Black cardamom is a smoky spice commonly used in South Asian cuisines.
Black cardamom is a dark, smoky spice that goes by many names and is used to refer to the dried fruit of a number of distinct plants.
In this post, we’ll discuss the most common black cardamom: the Himalayan variety. It’s sometimes referred to in English as “brown cardamom,” “Indian cardamom,” or “Nepal cardamom.” And in Hindi and Urdu, it’s called bara elaichi, kali elaichi, or moti elaichi.
While black cardamom shares part of its name with green cardamom and is used in some of the same cuisines, such as Indian and Pakistani foods, its flavor profile is quite different.
If you’re unfamiliar with black cardamom — that may very well be why you’re here — this is definitely a spice you ought to get to know.
What Is Black Cardamom?
Black cardamom pods grow out of the Amomum subulatum plant, a rhizome native to the Himalayan regions of India and Nepal, which also produces the timut peppercorn. Like ginger and other rhizomes, the black cardamom plant’s stems grow underground, which is where you’ll find the seed-carrying pods.
The black cardamom plant takes three years to mature and produce the cardamom seedpods, which are actually red.
Once harvested, the “black” cardamom pods are washed and dried over an open flame. It’s this drying process, which takes a few hours, that gives black cardamom pods their dark color and smoky flavor while deepening the aroma and taste of the black seeds.
What Does Black Cardamom Taste Like?
Black cardamom has a smoky flavor, with notes of camphor, anise, and licorice. This flavor profile makes it suitable for curries, sauces, and stews. In the subcontinent, black cardamom is traditionally used in kormas (braised curries) and rice dishes like biryani.
How Is Black Cardamom Different from Green Cardamom?
Like black cardamom, the green cardamom plant is a rhizome that produces seed-carrying pods. The similarities between these two cardamoms pretty much end there. They’re quite different in taste and usage.
Green cardamom has a softer flavor that has citrusy and minty characteristics. In the subcontinent, green cardamom is often added to sweet dishes like seviyan (vermicelli pudding) or doodh patti chai (milk tea). In the Middle East, it’s added to Arabic or Turkish coffee. Black cardamom, in contrast, is rarely used in traditional sweet dishes or drinks.
It’s worth noting that green and black cardamoms aren’t mutually exclusive. For example, some biryani recipes, like Kashmiri Biryani and Sindhi Biryani, might call for the use of both green and black cardamoms. These cardamoms serve different purposes in biryani, which like mansaf and paellas, are melting pots of flavors.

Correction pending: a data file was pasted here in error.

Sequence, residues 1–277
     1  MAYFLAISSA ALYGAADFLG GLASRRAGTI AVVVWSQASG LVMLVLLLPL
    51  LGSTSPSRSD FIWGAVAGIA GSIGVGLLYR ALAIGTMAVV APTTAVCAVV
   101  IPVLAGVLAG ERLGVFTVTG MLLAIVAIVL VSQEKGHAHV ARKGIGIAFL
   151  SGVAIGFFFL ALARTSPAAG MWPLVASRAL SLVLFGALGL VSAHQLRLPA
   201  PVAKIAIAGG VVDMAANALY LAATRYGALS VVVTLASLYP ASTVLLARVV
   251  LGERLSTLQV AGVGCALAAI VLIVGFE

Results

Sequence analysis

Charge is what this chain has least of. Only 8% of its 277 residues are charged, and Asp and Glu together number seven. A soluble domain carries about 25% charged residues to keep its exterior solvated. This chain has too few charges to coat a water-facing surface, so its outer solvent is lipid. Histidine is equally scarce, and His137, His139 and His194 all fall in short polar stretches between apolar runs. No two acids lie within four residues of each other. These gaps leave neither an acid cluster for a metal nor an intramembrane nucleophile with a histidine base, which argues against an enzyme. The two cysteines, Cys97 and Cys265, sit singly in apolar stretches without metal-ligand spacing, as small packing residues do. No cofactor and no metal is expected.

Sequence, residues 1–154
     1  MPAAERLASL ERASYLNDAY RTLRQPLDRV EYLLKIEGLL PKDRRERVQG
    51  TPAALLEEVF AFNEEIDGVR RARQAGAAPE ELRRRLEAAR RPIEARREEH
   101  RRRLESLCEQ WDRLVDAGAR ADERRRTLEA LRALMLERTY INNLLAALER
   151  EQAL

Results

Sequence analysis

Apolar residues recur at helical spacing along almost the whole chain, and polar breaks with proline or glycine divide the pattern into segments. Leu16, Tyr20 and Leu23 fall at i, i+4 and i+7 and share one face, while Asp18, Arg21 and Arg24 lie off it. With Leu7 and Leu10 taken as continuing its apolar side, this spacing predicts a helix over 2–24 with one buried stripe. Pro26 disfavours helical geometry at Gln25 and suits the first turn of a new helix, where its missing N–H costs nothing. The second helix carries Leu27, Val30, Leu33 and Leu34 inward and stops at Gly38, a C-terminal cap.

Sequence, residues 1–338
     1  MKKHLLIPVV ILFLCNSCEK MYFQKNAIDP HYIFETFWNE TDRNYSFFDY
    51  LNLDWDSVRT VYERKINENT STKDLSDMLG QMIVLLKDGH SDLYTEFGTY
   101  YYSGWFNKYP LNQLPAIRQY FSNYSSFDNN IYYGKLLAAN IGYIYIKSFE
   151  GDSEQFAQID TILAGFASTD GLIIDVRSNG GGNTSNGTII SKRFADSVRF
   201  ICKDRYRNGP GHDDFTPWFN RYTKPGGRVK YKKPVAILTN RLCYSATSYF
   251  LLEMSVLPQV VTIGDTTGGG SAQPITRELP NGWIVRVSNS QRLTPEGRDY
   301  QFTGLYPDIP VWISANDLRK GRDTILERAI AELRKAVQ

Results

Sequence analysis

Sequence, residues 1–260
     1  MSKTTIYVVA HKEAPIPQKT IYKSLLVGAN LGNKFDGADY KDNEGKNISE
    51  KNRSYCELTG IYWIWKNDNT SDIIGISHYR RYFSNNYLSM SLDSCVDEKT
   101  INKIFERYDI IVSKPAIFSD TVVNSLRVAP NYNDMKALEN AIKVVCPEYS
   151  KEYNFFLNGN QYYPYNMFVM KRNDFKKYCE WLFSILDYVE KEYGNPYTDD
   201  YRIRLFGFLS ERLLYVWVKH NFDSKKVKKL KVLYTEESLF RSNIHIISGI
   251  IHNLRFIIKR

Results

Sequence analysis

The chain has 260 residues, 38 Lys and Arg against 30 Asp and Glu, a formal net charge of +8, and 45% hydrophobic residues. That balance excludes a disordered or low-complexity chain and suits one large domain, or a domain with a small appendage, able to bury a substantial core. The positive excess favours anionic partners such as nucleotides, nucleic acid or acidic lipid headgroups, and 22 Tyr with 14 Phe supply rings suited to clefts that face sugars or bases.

How to Use Black Cardamom
When making kormas and other Indian and Pakistani dishes, black cardamom is generally tempered in ghee or an oil with a high smoke point through a process known as tarka (or tadka). Roasting the spices in hot ghee or oil brings out their flavors, diffusing them into the dish. Before tempering, it’s a good idea to crack the pod a bit to ensure that the seeds can be exposed to the oil.
Black cardamom’s flavor is distinct. If you’re following a South Asian recipe, it’s best to stick to the instructions. But if you’re experimenting with it in a non-traditional use, you might want to start with a small quantity — say, one or two pods (depending on the volume of your dish).
Like fenugreek, black cardamom is one of those spices that’s not typically used in western cuisine, but in modest proportions can add depth not just to conventional dishes, but even condiments, like barbecue sauce. A few pods of black cardamom could give your brisket a major upgrade.
Black Cardamom Health Benefits
Black cardamom has long been used in traditional Chinese and Indian (Aryuvedic) medicines. While claims of its health benefits have not been proven by peer-reviewed scientific research, many therapeutic benefits have been attributed to it, including aiding with asthma and indigestion.
Some preliminary studies attribute antimicrobial properties to black cardamom essential oil. None of these studies, however, are conclusive. It’s best to seek the consultation of a health professional for any medical condition.
Where to Get Black Cardamom
While black cardamom may be an exotic ingredient for some, you don’t have to venture out to another part of the world to get some.
Black cardamom is available at most South Asian grocery stores and supermarkets across the United States, Canada, and Britain. These retailers sell branded packs of major spice importers like Deep, Rani, and Swad. If you live in New York City, Kalustyan’s in Midtown East sells its own branded packs of black cardamom.
And, of course, you can buy black cardamom from Amazon. Surprisingly, the online retailer has many black cardamom options. The Rani brand, in particular, is a good option because it offers a range in sizes from 1.75 oz. to 2 lbs.
Please note that the Chinese (tsaoko) and Ethiopian black cardamoms (korerima) have different flavor profiles than the black cardamom used in South Asian cuisine. If the labeling isn’t clear, the safer bet is to go with a South Asian brand.